For many years aerosol particles have been recognised for their potentially negative impact on human health and ecosystems. This has lead to regulatory legislation regarding emissions and concentration levels of particulate matter all over the world. More recently it was also acknowledged that particles play an important role in the global climate by their influence on Earth's radiative balance.
Emissions, gas-particle interactions, aerosol dynamics, cloud processing, transport and deposition influence the evolution and fate of aerosol particles. These processes cannot be constrained by measurements alone. Modelling plays a key role for quantitatively integrating knowledge and for evaluating our understanding of physical and chemical processes in the atmosphere.
The main goal of aerosol modelling is to establish a detailed description of the aerosol particle concentrations and their composition and size distribution. This requires advanced modelling techniques and innovation as well as reliable validation data of particle characteristics.
Aerosol models may also provide a predictive capability for future projections of the outcome of policy strategies on emissions. Consequently, we need aerosol models that properly describe the cycle of formation, dispersion and removal of particles. Such validated models can be used as cost-effective tools for reliable studies of the current status and predictions for various environmental and health impacts in the future.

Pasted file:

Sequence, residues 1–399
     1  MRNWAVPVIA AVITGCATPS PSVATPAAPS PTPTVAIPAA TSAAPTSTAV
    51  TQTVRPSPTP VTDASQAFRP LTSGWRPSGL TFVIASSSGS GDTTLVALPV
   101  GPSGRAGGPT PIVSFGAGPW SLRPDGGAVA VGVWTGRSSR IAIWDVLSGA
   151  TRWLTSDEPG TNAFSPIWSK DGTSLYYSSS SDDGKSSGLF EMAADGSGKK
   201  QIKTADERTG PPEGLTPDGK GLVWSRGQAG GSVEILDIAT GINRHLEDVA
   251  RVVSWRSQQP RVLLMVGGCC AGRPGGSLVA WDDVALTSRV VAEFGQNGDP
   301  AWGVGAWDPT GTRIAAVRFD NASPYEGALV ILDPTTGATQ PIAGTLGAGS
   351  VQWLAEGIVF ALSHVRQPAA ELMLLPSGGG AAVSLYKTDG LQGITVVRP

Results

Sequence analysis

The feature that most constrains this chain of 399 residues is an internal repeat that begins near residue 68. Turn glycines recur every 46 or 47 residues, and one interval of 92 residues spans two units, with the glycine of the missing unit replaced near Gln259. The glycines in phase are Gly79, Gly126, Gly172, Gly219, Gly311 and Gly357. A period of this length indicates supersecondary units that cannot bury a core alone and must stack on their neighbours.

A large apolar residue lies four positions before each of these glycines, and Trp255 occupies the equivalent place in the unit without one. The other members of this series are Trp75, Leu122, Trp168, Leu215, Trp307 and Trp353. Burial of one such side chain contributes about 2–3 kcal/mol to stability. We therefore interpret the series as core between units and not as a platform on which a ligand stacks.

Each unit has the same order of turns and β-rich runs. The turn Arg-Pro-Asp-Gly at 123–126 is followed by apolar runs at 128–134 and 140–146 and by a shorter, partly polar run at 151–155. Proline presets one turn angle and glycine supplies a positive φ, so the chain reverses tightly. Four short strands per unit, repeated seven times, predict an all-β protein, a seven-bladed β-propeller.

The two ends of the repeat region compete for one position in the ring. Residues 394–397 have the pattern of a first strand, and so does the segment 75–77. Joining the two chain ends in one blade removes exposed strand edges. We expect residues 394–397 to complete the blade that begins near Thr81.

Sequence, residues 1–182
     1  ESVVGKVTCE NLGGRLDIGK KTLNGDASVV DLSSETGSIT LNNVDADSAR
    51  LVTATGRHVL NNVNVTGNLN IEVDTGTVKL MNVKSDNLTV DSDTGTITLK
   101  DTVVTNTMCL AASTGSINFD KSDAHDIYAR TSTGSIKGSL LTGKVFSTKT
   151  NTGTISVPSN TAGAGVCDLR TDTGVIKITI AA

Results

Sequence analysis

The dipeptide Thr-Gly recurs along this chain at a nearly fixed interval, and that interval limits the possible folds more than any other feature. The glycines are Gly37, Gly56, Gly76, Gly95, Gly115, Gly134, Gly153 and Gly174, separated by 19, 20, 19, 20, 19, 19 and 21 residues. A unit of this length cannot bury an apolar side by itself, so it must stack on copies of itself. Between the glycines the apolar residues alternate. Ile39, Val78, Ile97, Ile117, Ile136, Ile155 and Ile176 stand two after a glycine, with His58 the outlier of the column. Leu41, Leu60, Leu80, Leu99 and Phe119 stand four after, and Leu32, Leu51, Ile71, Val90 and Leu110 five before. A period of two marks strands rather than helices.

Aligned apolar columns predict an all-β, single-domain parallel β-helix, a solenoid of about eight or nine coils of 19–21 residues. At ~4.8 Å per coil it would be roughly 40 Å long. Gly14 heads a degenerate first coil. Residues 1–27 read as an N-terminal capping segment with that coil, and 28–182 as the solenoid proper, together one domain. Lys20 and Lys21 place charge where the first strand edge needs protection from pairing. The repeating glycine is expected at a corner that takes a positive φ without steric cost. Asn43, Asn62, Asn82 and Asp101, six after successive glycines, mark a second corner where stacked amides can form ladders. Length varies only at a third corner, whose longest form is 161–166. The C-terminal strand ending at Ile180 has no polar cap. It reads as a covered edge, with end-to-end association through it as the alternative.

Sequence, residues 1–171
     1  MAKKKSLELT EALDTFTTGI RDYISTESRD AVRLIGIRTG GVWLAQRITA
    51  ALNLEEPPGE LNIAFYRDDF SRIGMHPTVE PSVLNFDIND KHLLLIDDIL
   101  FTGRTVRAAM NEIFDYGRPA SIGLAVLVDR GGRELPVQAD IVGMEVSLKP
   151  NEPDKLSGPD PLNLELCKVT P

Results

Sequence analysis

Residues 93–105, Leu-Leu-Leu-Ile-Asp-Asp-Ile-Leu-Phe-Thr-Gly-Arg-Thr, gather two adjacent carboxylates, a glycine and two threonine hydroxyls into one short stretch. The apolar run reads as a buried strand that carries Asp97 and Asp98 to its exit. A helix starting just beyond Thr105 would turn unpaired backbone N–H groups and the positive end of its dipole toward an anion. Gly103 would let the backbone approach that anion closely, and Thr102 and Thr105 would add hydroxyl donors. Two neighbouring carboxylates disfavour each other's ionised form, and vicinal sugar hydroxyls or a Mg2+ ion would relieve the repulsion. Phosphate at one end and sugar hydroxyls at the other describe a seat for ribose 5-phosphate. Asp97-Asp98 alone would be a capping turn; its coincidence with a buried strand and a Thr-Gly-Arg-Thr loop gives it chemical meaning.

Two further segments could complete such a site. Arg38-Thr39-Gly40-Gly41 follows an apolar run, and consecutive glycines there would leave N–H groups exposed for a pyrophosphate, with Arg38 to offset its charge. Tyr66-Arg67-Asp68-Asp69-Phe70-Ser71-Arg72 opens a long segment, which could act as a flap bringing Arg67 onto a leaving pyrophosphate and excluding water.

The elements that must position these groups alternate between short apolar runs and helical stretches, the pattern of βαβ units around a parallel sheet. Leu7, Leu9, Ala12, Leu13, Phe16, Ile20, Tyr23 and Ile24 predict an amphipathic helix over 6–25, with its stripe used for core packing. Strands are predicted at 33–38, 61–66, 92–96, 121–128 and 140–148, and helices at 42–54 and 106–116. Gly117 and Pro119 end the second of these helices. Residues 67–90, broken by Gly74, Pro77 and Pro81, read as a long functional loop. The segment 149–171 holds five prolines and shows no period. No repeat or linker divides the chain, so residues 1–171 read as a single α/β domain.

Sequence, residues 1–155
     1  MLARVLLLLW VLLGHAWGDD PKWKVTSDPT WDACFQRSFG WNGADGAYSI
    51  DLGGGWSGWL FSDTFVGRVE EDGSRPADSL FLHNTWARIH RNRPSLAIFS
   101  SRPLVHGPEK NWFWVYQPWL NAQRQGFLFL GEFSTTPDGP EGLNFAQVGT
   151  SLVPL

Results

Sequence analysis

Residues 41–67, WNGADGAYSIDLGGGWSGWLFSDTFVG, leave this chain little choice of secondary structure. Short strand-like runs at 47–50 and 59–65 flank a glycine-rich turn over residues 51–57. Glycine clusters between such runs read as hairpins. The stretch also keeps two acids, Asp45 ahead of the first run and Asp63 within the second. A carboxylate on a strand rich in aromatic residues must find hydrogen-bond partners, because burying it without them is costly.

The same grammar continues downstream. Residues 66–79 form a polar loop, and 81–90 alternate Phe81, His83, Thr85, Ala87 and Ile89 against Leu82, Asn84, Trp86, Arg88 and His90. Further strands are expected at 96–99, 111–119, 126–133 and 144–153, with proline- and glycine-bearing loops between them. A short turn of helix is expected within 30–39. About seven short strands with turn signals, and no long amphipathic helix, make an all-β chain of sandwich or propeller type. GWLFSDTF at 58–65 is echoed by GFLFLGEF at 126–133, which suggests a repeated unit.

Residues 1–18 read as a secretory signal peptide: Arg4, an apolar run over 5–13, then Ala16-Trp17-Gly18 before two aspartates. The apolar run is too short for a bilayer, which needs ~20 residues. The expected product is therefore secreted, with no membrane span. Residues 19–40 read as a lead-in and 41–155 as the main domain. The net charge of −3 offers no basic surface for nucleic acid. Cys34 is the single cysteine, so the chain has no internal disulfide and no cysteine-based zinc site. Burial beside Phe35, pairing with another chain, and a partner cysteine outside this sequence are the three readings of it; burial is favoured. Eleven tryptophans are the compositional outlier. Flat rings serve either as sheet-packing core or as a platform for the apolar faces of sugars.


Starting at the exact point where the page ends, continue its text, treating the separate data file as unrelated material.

Method and aerosol modules
The aerosol modules to be implemented in a ATCM (Atmospheric Transport and Chemistry Model), such as MATCH (Multiple-Scale Atmospheric Transport and Chemistry Model) generally take into account gas-to-particle conversion and aerosol dynamics and enable simulation of the complete aerosol number/mass/composition distribution, including the aerosol components' state of mixture (internal/external).
The soluble material particles (sulphate, nitrate, ammonium and sodium chloride) and the insoluble material particles (organic carbon, elemental carbon and crustal elements) are classified as tracers with different size ranges, including nucleation, Aitken, accumulation and coarse modes. The particles grow by coagulation and condensation inside the modes and depending on their size can subsequently be moved to larger modes.
The importance of the aqueous phase is addressed in terms of particle production, scavenging and cycling through clouds. Special attention is given to the link between dry deposition and micrometeorology/turbulence schemes.